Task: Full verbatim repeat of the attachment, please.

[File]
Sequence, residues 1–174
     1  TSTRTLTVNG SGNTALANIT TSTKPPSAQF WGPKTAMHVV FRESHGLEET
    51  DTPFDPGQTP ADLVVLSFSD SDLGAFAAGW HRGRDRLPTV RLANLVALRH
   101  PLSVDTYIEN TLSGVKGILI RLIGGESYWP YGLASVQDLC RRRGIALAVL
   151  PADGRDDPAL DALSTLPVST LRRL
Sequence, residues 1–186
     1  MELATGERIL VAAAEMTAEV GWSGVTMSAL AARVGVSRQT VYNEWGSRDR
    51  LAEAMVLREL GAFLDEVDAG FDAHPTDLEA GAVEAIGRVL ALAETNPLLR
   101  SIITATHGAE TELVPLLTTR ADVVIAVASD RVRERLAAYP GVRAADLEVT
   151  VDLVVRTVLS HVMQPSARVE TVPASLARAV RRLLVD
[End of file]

Sequence, residues 1–174
     1  TSTRTLTVNG SGNTALANIT TSTKPPSAQF WGPKTAMHVV FRESHGLEET
    51  DTPFDPGQTP ADLVVLSFSD SDLGAFAAGW HRGRDRLPTV RLANLVALRH
   101  PLSVDTYIEN TLSGVKGILI RLIGGESYWP YGLASVQDLC RRRGIALAVL
   151  PADGRDDPAL DALSTLPVST LRRL
Sequence, residues 1–186
     1  MELATGERIL VAAAEMTAEV GWSGVTMSAL AARVGVSRQT VYNEWGSRDR
    51  LAEAMVLREL GAFLDEVDAG FDAHPTDLEA GAVEAIGRVL ALAETNPLLR
   101  SIITATHGAE TELVPLLTTR ADVVIAVASD RVRERLAAYP GVRAADLEVT
   151  VDLVVRTVLS HVMQPSARVE TVPASLARAV RRLLVD